Constitution Plaza was the first substantial urban redevelopment project in Hartford and replaced a run-down, working class, ethnic neighborhood known as Front Street. Subject to periodic flooding (before the construction of riverfront dikes and Interstate 91) and in serious physical decline, this neighborhood was nostalgically known for its large Italian-American population and its eclectic collection of local restaurants, businesses and shops. The merit of its wholesale demolition to accommodate Constitution Plaza is still locally debated nearly five decades after the decision was made.”

Thursday Doors University’s Chancellor is Norm Frampton, and each week, he offers his students the opportunity to share photos, stories and artwork depicting interesting doors. If you want to participate, share a door or just look at some doors, visit TDU’s main campus. Check out Norm’s doors and look for the blue frog, which is your link to the rest of the doors.


  1. More great doors Dan! And I love the inclusion of the historic photos as well. I really love historic buildings and always explore downtown business and government areas when visiting new cities. It lends a sense of connectedness to our history.

    Liked by 1 person

    1. Thanks Cheryl. The more I learn about what city planners did in the 60s, the more I wonder who was really on drugs back then. So little of the older, beautiful buildings in Hartford remain in the downtown area. I know I’ve walked/driven by this building hundreds of times, but I never knew anything about it. A benefit of these posts, for me.

      Liked by 2 people

    1. We have churches around here that have dates from when the congregation was formed in England, before leaving for America. It’s weird, because you see a date and you know that building couldn’t be that old. I guess the establishment of the congregation is more important than the building. Thanks for reading!

      Liked by 1 person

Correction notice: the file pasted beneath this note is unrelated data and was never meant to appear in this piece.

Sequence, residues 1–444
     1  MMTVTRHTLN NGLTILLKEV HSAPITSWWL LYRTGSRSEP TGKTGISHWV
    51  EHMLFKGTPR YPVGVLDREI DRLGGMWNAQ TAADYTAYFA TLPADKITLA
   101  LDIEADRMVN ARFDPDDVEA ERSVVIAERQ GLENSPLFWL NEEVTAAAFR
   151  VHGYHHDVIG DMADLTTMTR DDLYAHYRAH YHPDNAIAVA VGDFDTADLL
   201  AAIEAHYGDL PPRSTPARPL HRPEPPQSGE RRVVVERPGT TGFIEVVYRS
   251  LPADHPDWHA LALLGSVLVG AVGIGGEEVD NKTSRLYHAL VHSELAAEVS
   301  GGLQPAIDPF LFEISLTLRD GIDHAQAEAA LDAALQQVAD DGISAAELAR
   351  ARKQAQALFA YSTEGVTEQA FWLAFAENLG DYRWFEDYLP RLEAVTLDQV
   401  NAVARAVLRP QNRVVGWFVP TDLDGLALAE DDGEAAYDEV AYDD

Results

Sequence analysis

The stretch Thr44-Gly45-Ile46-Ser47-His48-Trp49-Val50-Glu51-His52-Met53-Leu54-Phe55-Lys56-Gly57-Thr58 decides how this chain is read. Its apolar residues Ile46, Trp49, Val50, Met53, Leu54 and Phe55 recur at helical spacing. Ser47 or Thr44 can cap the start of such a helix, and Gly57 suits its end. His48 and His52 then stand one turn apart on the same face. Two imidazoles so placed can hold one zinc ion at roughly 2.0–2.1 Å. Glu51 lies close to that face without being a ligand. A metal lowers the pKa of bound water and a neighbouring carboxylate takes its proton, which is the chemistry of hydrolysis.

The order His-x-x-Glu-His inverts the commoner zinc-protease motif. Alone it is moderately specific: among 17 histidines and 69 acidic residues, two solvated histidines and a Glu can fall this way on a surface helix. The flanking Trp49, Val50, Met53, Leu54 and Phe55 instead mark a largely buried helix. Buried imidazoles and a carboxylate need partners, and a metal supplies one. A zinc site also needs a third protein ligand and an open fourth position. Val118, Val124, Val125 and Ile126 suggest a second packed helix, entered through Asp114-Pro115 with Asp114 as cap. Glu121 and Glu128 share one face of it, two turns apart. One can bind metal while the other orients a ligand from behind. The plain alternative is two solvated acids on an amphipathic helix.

2. I see you suffer from the same affliction I do … researchitis. It can be quite paralyzing but you dodged it really well. This looks like a lovely area of the city – a pearl, indeed!

    I hope this building finds a kind and benevolent owner. It has a great face and deserves to have new life breathed into it. The view from the side shows that it’s a LOT bigger than I thought … and no windows along the sides would be a minus … but since it’s in an arts district, perfect it can find life as a theatre.

    Liked by 2 people

    1. Thanks Joanne. The lack of windows and the haphazard paint make me think this building was sandwiched in in between two other buildings, but I wasn’t able to find any evidence of that. You’re right about the research, though, I had to force myself to stop digging. I do hope it finds a good owner. I think it’s good we are past the hey-day of construction in Hartford. Back in the 80s, someone would have bought it, torn it down and put up some soon to be underused glass and steel monstrosity.

      Liked by 1 person

  3. “No, seriously, this is Dan at the keyboard.”

    That made me smile and made me think – it’s important work you do. Consolidating images and text for posterity. And for our enlightenment.


    Liked by 1 person

  4. Brevity…Ha! You’re trying to mess with us, right? Well, nonetheless, you did a great job with the post and photos. I love the theater building across the street, so I’ll be looking for that post. It’s always sad to see gorgeous old buildings torn down in favor of the modern architecture or plazas. The original building for Ados Israel was beautiful.